Approximately 1,400 feet of continuous core was taken .between
800-2,214 feet in depth from USBM/AEC Colorado core hole No. 2. The
drill, site is located in the Piceance Creek basin, Rio Blanco County,
Colorado. From ground surface the drill hole penetrated 1,120 feet
of the Evacuation Creek Member and 1,094 feet of oil shale in the
Parachute Creek Member of the Green River Formation. Oil shale
yielding more than 20 gallons per ton occurs between 1,260-2,214 feet
in depth. A gas explosion near the bottom of the hole resulted in
abandonment of the exploratory hole which was still in oil shale.
The top of the nahcolite zone is at 1,693 feet. Below this depth
the core contains common to abundant amounts of sodium bicarbonate
salt intermixed with oil shale. The core is divided into seven
structural zones that reflect changes in joint intensity, core loss
and broken core due to natural causes. The zone of poor core
recovery is in the Interval between 1,300-1,450 feet.
Results of preliminary geophysical log analyses indicate that
oil yields determined by Fischer assay compare favorably with yields
determined by geophysical log analyses. There is strong evidence
that analyses of complete core data from Colorado core holes No. 1
and No. 2 reveal a reliable relationship between geophysical log
response and oil yield.
The quality of the logs is poor in the rich shale section and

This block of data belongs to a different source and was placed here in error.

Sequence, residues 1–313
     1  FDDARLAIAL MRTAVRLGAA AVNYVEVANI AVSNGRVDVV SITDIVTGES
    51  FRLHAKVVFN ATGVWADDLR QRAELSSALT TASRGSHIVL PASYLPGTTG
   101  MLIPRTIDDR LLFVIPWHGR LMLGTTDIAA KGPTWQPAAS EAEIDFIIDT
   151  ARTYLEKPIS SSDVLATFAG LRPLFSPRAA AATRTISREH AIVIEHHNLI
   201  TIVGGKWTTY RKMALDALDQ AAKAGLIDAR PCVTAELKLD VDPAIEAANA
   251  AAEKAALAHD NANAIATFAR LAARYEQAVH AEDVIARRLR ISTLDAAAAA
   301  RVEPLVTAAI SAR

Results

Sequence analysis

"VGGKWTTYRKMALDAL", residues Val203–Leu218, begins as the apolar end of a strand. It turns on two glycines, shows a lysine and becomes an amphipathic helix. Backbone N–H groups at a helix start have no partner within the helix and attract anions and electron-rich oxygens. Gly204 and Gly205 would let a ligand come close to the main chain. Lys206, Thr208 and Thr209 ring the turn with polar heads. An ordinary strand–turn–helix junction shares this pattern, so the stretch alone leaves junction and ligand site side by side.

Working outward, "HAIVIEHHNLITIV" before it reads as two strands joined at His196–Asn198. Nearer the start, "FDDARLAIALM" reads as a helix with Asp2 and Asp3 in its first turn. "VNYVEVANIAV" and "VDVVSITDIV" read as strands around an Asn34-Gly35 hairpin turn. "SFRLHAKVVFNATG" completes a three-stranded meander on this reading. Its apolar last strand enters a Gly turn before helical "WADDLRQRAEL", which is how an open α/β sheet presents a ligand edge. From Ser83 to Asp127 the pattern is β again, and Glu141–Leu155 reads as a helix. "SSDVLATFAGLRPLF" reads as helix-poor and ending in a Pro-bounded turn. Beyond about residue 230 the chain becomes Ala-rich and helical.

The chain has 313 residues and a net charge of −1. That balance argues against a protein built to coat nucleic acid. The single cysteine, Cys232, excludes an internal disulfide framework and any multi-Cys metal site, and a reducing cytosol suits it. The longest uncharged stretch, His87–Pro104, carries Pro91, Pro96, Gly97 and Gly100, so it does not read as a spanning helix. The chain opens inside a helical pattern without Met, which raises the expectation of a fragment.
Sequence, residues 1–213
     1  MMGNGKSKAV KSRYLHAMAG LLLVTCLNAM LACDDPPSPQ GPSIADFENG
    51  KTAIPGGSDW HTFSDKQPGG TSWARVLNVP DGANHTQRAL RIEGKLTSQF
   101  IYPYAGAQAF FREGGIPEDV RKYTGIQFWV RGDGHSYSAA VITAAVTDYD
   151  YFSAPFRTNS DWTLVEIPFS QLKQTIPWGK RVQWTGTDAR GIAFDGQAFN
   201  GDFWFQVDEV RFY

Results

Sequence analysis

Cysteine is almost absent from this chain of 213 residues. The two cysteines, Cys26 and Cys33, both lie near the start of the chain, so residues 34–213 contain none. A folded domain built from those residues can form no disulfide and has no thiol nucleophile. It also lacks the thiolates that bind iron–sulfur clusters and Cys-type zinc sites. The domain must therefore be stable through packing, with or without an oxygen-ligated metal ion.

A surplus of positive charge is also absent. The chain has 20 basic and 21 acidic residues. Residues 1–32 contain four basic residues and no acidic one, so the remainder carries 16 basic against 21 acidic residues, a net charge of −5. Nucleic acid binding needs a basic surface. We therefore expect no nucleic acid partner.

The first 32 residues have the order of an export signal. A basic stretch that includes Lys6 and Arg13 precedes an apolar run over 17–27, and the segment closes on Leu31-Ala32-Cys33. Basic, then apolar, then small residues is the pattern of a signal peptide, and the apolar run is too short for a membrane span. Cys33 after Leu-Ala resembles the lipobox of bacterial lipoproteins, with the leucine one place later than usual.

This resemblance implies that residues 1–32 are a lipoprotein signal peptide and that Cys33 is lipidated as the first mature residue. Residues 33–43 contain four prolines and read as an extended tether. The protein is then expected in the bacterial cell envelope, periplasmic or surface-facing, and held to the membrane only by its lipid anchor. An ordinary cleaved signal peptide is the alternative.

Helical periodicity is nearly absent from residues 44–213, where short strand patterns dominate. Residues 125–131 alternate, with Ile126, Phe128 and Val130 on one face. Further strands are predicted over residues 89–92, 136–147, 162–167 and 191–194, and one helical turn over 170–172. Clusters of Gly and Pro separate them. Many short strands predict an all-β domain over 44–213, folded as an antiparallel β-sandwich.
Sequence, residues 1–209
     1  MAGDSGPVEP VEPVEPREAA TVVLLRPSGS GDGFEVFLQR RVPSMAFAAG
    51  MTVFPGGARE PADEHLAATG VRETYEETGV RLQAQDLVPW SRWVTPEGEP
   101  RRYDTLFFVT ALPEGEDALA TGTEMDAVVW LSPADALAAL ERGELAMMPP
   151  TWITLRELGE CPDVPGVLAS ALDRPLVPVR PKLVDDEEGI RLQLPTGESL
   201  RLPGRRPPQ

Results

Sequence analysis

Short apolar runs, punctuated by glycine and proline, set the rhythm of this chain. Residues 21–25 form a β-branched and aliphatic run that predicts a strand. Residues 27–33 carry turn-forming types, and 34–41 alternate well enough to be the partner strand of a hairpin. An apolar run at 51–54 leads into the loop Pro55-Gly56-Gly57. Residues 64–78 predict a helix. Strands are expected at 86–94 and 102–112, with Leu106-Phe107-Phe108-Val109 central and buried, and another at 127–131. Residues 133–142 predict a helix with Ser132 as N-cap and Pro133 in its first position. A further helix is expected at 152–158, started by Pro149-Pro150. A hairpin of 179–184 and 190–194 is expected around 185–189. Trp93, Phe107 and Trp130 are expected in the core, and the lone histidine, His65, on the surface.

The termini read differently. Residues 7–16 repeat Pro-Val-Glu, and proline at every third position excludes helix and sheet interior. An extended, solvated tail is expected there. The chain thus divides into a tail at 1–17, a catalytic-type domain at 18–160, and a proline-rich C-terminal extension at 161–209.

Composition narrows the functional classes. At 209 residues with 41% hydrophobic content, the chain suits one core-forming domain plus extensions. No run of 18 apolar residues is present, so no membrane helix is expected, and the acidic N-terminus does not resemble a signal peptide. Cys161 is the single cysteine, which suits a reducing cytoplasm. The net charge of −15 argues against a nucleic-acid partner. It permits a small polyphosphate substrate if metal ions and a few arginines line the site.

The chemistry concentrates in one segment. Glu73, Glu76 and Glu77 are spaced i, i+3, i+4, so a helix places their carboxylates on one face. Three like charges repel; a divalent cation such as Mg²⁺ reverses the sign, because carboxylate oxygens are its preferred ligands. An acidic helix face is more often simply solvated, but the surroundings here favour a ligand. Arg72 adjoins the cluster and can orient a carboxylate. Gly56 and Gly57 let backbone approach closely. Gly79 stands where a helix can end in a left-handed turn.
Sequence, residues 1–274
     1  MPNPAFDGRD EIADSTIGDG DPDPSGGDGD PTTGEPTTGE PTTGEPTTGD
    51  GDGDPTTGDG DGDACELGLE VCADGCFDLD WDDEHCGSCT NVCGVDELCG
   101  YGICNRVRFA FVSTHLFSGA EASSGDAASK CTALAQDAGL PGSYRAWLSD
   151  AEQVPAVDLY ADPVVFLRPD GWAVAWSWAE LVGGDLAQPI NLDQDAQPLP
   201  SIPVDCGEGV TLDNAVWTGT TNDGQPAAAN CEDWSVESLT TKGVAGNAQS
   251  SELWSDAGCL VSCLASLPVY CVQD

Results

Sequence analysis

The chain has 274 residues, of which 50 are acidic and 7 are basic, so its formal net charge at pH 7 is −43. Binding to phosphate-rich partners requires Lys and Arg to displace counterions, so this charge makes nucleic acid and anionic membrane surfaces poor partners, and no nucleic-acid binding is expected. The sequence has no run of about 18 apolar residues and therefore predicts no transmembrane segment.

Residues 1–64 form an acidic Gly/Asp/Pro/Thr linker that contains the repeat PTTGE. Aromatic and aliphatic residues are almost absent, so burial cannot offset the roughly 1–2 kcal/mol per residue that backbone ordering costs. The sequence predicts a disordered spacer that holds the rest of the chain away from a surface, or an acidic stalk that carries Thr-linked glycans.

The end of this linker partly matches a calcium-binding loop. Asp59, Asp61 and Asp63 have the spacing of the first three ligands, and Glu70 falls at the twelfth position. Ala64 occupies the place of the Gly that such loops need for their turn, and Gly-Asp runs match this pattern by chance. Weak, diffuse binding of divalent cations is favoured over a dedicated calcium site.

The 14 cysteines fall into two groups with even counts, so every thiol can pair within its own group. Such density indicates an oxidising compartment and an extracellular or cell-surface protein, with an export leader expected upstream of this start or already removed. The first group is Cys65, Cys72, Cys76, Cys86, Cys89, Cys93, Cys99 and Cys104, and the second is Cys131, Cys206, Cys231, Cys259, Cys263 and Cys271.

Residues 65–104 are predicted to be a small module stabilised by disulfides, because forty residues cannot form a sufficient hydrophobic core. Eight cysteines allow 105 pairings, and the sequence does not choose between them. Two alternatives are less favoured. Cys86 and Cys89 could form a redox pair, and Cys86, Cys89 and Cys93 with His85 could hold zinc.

the possibility of repeating the logging program should be considered.
Observations during drilling, coring, and hydrologic testing
of USBM/AEC Colorado core hole No. 2 reveal that the Parachute Creek
Member of the Green River Formation is the principal aquifer water in the Parachute Creek Member is under artesian pressure.
The upper part of the aquifer has a higher hydrostatic head than,
and is hydrologically separated from the lower part of the aquifer.
The transmissibility of the aquifer is about 3500 gpd per foot. The
maximum water yield of the core hole during testing was about 500 gpm.
Chemical analyses of water samples indicate that the content of
dissolved solids is low, the principal ions being sodium and bicarbonate. Although the hole was originally cored, to a depth of
2,214 feet, ,the present depth is about 2,100 feet.
This report presents a preliminary evaluation of core examination,
geophysical log interpretation and hydrological tests from the
USBM/AEC Colorado core hole No. 2. The cooperation of the U.S. Bureau
of Mines is gratefully acknowledged. The reader is referred to
Carroll and others (1967) for comparison of USBM/AEC Col0rado core hole
No. 1 with USBM/AEC Colorado core hole No. 2.